This obviously depends on your tax bracket. If you have 0% Dividends and LTCG's, then it make sense to have the foreign tax credit in a taxable account, unless you live somewhere with high state income tax.

halfnine
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Re: Does Global Wellesley Get the Foreign Tax Credit?

Post by halfnine » Sun Jan 14, 2018 6:16 pm

This is all OTOH so I might be mistaken and the numbers are crude. However, a couple of thoughts..

In a fairly typical fund the foreign taxes paid is around 0.2%. For Global Wellesley then crudely maybe we are talking 0.1%. So, if no credit is allowed this would basically be the additional expense of owning the fund.

The FTC is a given up to $300 for someone who is single. ($600 MFJ if the OP marries and opts to have the spouse declared as a resident for tax purposes which has its own advantages and disadvantages. OP is an expat so not sure if/when they will marry or whether spouse would be a US citizen)

So an account with less then 300K/600K (single/MFJ) invested in Global Wellesley would be able to claim the entire FTC. If this is the only foreign taxes paid in taxable and crude estimates are accurate.

Now, once foreign tax paid is above $300/$600 it gets a lot more complicated. My understanding is the OP is intending on retiring early, doing IRA conversions to a ROTH up to the standard deduction of 12K and paying close to zero taxes. Based on my limited understanding the OP may receive no foreign tax credit at this point. In order to recieve a tax credit they would need a tax liability and the tax credit that they would be able to apply would be only be the percentage of foreign income divided by all income (inclusive of the IRA conversion). Kramer ran into something similar here:
viewtopic.php?t=43511

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grabiner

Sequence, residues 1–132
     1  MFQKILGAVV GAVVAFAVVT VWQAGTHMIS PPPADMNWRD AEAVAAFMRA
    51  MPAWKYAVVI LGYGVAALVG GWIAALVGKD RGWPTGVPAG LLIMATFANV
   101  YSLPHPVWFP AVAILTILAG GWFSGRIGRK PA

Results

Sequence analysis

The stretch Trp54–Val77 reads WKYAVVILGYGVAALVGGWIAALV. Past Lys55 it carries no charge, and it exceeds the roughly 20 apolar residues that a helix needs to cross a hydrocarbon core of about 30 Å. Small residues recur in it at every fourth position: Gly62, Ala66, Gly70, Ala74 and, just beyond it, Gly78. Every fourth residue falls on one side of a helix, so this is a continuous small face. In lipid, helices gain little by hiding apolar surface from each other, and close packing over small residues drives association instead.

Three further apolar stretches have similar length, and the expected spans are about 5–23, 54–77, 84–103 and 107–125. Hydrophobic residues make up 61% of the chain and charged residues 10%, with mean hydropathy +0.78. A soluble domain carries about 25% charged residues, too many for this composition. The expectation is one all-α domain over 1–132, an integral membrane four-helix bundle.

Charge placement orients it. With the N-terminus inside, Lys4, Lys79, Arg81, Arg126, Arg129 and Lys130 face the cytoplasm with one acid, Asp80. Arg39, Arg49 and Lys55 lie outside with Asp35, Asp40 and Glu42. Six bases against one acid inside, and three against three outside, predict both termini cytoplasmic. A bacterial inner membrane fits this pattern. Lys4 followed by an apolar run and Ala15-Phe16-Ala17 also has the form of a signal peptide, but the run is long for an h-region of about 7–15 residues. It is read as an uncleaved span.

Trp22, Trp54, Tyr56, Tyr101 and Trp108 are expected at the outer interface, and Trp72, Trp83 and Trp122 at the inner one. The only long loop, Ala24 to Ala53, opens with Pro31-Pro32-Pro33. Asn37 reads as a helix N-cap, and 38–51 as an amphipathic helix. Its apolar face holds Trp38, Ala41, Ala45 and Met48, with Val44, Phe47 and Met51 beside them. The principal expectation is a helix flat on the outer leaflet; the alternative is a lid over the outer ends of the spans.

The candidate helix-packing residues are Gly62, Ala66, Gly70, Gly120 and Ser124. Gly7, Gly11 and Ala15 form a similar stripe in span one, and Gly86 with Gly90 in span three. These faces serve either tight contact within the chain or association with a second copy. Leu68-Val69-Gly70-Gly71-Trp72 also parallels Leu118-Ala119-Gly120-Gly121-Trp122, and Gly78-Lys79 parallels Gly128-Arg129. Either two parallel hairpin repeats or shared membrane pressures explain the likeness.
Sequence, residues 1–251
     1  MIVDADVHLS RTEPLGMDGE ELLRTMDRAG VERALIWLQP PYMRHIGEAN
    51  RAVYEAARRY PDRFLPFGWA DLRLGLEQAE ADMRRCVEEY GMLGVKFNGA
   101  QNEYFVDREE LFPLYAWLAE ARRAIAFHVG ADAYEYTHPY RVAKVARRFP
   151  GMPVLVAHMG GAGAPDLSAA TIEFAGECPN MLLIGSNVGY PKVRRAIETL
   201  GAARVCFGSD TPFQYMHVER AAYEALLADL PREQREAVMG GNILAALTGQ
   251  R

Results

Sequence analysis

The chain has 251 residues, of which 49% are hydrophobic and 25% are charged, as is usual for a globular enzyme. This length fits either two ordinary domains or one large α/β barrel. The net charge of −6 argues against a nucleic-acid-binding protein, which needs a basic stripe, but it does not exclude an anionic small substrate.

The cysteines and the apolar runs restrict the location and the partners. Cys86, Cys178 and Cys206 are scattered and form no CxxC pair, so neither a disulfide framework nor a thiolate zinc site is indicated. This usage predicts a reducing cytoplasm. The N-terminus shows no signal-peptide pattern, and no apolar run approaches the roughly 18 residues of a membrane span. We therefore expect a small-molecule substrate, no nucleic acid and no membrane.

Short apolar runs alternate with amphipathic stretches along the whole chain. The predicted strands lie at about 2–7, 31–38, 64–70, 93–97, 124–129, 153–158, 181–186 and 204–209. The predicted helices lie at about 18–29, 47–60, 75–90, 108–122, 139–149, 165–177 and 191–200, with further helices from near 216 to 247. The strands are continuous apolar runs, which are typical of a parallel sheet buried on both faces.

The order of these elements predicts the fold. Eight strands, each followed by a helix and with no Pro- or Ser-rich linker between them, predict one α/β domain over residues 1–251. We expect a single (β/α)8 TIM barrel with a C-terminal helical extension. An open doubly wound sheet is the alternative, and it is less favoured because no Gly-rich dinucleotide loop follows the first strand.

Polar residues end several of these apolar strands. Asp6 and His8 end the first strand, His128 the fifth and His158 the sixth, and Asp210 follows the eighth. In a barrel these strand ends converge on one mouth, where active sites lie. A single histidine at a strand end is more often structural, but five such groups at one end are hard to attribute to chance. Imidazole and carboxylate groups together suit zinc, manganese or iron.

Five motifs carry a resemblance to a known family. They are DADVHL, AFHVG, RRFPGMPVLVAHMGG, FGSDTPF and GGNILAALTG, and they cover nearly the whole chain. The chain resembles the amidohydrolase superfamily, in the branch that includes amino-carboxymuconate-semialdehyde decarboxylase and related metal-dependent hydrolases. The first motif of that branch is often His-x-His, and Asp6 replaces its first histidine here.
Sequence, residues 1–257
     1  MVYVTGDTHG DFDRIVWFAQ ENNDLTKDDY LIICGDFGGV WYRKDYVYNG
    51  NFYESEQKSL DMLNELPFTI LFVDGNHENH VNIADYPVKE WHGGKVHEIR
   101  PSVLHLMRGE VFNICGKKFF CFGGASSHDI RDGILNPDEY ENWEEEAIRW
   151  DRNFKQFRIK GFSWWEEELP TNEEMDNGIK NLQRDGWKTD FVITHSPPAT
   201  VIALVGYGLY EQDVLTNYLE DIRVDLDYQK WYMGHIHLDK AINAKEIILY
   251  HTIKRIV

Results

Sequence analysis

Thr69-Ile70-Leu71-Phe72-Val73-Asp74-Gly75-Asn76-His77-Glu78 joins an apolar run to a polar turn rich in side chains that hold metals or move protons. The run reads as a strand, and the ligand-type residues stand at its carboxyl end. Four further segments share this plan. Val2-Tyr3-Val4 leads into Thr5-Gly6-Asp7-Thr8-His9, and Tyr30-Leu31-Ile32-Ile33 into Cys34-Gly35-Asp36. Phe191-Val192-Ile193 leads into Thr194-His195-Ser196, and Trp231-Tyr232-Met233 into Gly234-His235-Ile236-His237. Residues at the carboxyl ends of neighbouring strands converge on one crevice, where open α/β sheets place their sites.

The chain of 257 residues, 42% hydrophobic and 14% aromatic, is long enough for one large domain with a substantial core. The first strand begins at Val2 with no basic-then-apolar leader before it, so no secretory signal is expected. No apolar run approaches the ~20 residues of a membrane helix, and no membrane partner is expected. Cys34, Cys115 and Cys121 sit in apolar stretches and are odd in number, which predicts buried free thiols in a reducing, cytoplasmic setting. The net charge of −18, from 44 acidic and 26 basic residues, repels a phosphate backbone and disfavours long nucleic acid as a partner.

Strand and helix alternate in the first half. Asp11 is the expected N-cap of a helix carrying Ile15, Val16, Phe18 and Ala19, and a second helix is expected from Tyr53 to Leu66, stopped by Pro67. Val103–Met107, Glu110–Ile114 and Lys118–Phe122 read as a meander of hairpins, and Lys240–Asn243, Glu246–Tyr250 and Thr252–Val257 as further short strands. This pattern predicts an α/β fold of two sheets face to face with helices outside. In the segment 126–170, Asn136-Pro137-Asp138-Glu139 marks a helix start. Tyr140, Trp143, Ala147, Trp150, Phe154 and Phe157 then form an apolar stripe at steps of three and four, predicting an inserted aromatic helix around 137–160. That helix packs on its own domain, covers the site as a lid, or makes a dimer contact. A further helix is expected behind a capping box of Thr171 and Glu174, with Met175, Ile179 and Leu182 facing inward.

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Re: Does Global Wellesley Get the Foreign Tax Credit?

Post by grabiner » Sun Jan 14, 2018 7:10 pm

azanon wrote:
Sun Jan 14, 2018 4:42 pm
grabiner wrote:
Sun Jan 14, 2018 3:01 pm
Whether the fund is eligible for the foreign tax credit or not, it should be held in a tax-sheltered account.
I'm not sure how the global variant will come out, but the US version of Wellesley scores 9, 3, and 16 on Percent Rank in Category, tax analysis, at morningstar relative to all funds that have the same morningstar category (1 is best, 100 is worst). Wellesley's turnover is only 22%.
But this is based on its good overall performance; note that the tax costs have been about 1.5% by both Morningstar's and Vanguard's measurements. If you are going to hold Wellesley as part of your portfolio, it should go in an IRA so that you don't lose that 1.5%, and your taxable account should hold something else such as stock index funds. Global Wellesley should be similar.

And even 22% turnover isn't enough to eliminate most capital gains; Wellelsey distributed more than 1% of its value in capital gains the last two years, some of it long-term. (Turnover is also misleading here, because some of that turnover is in the bond portion of the fund, which does not lead to significant capital gains.)
Wiki David Grabiner